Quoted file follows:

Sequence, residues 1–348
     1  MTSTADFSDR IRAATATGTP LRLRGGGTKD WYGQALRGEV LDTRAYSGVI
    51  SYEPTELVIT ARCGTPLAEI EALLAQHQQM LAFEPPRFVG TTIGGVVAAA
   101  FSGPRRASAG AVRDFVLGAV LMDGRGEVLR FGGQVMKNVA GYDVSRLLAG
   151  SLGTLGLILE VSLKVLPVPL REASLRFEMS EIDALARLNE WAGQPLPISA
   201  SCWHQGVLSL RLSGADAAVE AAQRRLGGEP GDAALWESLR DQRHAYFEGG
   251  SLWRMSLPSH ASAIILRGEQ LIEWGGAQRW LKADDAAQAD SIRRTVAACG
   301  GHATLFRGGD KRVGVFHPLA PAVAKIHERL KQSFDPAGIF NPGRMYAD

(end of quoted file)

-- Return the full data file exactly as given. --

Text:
Sequence, residues 1–348
     1  MTSTADFSDR IRAATATGTP LRLRGGGTKD WYGQALRGEV LDTRAYSGVI
    51  SYEPTELVIT ARCGTPLAEI EALLAQHQQM LAFEPPRFVG TTIGGVVAAA
   101  FSGPRRASAG AVRDFVLGAV LMDGRGEVLR FGGQVMKNVA GYDVSRLLAG
   151  SLGTLGLILE VSLKVLPVPL REASLRFEMS EIDALARLNE WAGQPLPISA
   201  SCWHQGVLSL RLSGADAAVE AAQRRLGGEP GDAALWESLR DQRHAYFEGG
   251  SLWRMSLPSH ASAIILRGEQ LIEWGGAQRW LKADDAAQAD SIRRTVAACG
   301  GHATLFRGGD KRVGVFHPLA PAVAKIHERL KQSFDPAGIF NPGRMYAD